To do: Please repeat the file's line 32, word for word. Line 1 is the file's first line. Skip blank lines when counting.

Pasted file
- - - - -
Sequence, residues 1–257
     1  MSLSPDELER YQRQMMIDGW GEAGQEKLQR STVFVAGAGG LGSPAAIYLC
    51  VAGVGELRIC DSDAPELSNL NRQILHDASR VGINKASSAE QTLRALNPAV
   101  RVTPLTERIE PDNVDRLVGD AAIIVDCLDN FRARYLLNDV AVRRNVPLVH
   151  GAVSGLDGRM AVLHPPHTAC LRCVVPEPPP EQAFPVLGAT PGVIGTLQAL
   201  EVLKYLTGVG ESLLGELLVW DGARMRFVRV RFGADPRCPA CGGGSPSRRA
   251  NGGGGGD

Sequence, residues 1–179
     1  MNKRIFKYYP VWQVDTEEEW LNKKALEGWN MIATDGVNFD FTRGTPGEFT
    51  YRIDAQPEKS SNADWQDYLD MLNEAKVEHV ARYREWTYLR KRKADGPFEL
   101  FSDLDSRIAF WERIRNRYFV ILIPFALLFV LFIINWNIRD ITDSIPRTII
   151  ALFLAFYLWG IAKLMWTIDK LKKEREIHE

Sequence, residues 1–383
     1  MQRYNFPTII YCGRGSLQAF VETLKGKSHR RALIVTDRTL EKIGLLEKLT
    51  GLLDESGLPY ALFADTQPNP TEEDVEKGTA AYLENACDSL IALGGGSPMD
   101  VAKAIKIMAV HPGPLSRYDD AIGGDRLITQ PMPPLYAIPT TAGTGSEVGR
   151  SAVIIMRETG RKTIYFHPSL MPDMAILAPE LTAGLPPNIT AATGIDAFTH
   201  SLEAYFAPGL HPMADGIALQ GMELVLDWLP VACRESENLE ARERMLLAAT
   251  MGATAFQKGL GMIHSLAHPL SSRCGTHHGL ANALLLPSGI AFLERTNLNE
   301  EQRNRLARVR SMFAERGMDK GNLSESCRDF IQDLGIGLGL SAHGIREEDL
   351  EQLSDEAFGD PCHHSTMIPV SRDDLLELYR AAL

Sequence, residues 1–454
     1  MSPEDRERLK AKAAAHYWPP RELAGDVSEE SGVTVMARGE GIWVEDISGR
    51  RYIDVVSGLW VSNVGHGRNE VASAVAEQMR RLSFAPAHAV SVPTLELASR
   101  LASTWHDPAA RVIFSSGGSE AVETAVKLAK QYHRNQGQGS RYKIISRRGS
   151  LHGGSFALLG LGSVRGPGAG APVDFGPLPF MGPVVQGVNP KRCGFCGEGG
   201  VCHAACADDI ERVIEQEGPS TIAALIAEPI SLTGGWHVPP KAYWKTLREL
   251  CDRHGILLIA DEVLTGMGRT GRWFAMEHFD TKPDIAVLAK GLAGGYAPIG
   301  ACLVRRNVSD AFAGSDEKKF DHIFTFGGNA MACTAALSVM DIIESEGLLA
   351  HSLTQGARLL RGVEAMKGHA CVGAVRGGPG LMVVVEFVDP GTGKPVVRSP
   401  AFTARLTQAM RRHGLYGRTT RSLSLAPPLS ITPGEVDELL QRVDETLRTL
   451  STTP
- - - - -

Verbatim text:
   451  STTP